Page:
Six on Saturday – Should We Buy a Boat? – December 29, 2018

Yesterday it rained all day. It was so dark and gloomy, I had to push myself to get anything on my list accomplished (see #4). I reminded myself to be grateful that the inches of rain were not 30″ of snow.  Temperatures were in the fifties, so no chance of that, but the back of our property continues to be underwater. Getting to the shed requires tall waterproof boots.

  1. The garden is so wet and bedraggled that I wondered if there would be anything to photograph. When I stepped onto the deck and looked up at the lace of the leafless trees early this morning the moon was still visible, so that’s #1.

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2. The lake behind the house continues to grow. I have no idea what supports the shed next to this wet area. When the ground dries out I need to get down on my belly and take a look. It’s not in the water, but whatever it’s resting on has been wet for months. My gardeners’ heart hopes that any bunny litters under the shed do not survive.

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3. A tree limb, covered with lichens, came down in the storm. They are always so beautiful after a rain.

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4. I managed to accomplish one thing on my “to do” list. I planted the coleus that had rooted in a clear vase on my kitchen counter.

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5. I promised a photo of the dwarf Alberta spruce with the Christmas lights. The lights will stay on until April. Not from laziness, but because they give me pleasure in the evening.

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6. Despite the wet and dark days the wildlife in the garden is active. Out my office window this morning I saw a Northern flicker, a bluejay, a nuthatch, sparrows and two squirrels playing tag in the silver maples.  They know spring is coming as does the sedum Autumn Joy. No lenten roses blooming yet, but I’ll keep checking.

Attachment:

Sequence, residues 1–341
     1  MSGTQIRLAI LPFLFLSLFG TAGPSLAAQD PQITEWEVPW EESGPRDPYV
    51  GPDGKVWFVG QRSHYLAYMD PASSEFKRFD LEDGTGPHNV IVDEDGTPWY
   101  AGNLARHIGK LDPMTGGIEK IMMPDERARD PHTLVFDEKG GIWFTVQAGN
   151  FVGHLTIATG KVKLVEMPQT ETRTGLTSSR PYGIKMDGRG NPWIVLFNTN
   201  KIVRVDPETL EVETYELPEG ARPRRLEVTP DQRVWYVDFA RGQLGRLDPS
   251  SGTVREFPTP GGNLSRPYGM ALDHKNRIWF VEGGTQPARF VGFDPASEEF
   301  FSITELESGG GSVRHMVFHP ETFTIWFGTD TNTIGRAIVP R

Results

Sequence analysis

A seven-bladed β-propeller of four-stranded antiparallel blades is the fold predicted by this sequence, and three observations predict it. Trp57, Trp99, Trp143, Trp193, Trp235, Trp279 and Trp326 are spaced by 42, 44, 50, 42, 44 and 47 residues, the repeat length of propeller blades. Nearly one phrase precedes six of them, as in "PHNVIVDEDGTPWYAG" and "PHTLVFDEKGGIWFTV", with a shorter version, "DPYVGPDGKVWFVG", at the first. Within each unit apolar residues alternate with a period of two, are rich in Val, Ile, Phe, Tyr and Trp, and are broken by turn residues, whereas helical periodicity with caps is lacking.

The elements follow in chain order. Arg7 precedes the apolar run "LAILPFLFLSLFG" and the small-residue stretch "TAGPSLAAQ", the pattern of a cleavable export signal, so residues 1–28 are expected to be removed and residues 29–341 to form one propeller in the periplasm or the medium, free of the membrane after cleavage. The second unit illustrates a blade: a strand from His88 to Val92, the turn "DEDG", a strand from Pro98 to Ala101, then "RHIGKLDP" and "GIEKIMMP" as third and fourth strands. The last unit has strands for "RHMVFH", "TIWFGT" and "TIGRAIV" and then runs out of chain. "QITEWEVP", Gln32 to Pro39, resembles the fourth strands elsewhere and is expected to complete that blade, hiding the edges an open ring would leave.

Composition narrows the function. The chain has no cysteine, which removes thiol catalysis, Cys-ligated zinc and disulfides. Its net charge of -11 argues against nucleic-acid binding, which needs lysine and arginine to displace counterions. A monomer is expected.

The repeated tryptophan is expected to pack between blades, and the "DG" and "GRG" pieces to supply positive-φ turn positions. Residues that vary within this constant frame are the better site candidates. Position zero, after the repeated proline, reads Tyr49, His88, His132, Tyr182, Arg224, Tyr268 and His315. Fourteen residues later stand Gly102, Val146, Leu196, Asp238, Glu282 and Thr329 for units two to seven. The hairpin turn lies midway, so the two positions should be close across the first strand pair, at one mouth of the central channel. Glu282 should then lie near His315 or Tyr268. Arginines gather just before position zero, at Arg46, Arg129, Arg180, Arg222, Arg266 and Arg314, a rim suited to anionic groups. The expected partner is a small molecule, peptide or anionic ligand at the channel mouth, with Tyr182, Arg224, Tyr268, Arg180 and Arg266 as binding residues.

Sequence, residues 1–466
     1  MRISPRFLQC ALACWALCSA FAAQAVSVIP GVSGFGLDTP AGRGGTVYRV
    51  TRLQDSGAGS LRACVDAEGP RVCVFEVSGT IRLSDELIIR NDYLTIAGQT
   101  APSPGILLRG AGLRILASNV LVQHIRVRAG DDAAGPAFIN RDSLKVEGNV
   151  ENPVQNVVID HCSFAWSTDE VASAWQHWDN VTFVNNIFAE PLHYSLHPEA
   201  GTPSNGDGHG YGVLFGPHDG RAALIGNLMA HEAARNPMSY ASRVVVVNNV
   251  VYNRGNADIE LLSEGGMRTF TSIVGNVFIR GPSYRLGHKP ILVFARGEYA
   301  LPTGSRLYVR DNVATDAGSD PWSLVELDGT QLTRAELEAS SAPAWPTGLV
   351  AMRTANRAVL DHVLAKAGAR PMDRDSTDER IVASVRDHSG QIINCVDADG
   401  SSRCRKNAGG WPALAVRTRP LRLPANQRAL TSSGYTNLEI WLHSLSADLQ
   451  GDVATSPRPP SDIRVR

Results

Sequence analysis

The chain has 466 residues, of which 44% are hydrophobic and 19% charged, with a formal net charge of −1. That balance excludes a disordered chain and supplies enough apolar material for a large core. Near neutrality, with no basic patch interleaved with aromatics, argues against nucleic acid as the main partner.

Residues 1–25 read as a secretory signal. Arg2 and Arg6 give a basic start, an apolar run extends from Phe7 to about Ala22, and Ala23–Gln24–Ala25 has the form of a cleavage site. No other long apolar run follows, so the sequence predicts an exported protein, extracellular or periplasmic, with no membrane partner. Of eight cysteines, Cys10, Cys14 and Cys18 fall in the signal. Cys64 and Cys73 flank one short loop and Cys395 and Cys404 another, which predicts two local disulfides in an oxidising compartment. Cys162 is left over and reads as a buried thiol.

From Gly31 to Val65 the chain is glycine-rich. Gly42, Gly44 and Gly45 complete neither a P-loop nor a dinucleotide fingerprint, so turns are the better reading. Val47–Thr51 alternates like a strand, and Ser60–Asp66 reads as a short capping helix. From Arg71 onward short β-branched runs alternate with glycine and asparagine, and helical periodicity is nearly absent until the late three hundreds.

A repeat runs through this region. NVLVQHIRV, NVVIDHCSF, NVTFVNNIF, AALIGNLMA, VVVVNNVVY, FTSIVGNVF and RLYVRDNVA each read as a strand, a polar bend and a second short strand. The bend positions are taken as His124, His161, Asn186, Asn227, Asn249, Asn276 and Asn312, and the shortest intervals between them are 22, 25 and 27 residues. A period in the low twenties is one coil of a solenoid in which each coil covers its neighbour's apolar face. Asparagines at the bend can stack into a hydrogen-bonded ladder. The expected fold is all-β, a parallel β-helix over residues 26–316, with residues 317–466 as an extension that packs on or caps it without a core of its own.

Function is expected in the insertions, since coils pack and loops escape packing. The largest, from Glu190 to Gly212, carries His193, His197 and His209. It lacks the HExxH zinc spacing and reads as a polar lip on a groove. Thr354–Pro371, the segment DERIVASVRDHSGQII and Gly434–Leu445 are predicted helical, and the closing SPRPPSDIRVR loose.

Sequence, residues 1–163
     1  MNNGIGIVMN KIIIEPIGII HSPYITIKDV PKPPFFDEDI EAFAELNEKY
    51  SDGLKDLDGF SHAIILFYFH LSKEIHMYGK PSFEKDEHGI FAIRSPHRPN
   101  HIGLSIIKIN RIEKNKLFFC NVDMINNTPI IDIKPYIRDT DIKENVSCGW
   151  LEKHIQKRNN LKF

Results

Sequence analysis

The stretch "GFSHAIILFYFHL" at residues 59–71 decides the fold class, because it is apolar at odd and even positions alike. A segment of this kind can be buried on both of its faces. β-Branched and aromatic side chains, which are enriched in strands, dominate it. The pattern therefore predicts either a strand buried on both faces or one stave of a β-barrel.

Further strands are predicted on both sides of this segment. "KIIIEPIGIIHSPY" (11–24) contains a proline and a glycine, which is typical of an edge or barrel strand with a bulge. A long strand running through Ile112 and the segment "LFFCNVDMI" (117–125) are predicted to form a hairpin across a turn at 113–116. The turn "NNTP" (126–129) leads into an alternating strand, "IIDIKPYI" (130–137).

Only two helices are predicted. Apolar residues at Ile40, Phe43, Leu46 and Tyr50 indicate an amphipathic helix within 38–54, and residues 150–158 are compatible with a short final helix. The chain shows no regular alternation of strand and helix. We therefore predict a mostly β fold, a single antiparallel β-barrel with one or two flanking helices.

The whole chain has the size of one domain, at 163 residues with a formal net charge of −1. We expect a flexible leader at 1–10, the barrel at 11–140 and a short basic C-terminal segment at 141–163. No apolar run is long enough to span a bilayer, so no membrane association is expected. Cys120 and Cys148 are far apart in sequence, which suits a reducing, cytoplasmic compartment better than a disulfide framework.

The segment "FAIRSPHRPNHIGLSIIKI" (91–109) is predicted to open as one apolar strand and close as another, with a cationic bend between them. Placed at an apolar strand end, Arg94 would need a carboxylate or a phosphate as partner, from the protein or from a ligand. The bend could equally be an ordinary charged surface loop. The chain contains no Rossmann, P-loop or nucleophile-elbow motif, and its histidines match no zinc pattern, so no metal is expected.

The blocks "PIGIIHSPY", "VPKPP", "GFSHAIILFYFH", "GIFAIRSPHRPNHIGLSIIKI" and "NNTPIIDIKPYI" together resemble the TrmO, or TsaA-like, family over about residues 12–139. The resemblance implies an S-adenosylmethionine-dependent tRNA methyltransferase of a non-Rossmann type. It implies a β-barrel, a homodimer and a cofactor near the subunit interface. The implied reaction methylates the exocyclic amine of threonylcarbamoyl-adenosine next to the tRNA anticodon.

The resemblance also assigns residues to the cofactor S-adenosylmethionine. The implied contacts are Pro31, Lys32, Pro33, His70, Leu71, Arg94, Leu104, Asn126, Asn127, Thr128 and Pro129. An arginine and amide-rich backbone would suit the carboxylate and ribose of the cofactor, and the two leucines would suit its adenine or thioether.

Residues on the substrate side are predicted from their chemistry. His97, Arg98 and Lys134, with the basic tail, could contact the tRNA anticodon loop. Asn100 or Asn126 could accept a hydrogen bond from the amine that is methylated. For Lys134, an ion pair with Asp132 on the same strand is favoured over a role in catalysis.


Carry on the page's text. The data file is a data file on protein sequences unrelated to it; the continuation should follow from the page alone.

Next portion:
autumn joy sedum

The days are getting longer, bit by bit, and the garden (and this gardener) is resting. Just for a little while, however, as the garden catalogues are arriving.

May 2019 bring you sunshine, rain and fertile soil…all in just the right amounts.

That’s my Six on Saturday, a meme started by The Propogator, a UK gardener. There’s always something interesting in the garden if you just stop to look. This is the link to the rules if you’d like to join in.

Six on Saturday – Buds on the Solstice – December 22, 2018

Friday, December 21, 2018: the rain stopped and the skies cleared so I put on my chicken boots and wandered  through the standing water in my garden. I wondered what I would find on the shortest day of the year. It turned out there were lots of signs of spring even though it’s months away. Some of these are clearly flower buds (rhododendron) but some may be leaf buds.

  1. There are buds on the rhododendron Roseum Elegans. Some buds flowered in our late warm fall, but there should be some blooms in the spring.

rhododendron flower buds

2. I wouldn’t have noticed the purple hues of the lilac buds if I wasn’t out taking a close look at twigs.

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3. A flower bud on the “Kleims Hardy” gardenia (Gardenia jasminoides). The shrub didn’t look so good in the fall, but the leaves are now a healthy green.

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4. Viburnum Kern’s Pink. I don’t know if these are flower or leaf buds.

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5. I had a hard time finding buds on the azaleas. But I didn’t know until I saw the photo that the leaves have tiny hairs. Does someone know what their purpose is?

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6. Apical bud of a Bottle Brush Buckeye (Aesculus Parviflora) that I pulled from the ground near a colony at our local library reading garden. I help take care of this garden so have some gleaning privileges. The twig is about a foot tall and I have it in a “nursery” bed. If it survives the winter I’ll need to find a good place for it as it gets quite large.

bottle brush shrub bud

That’s my Six on Saturday, a meme started by The Propogator, a UK gardener. There’s always something interesting in the garden if you just stop to look. This is the link to the rules if you’d like to join in.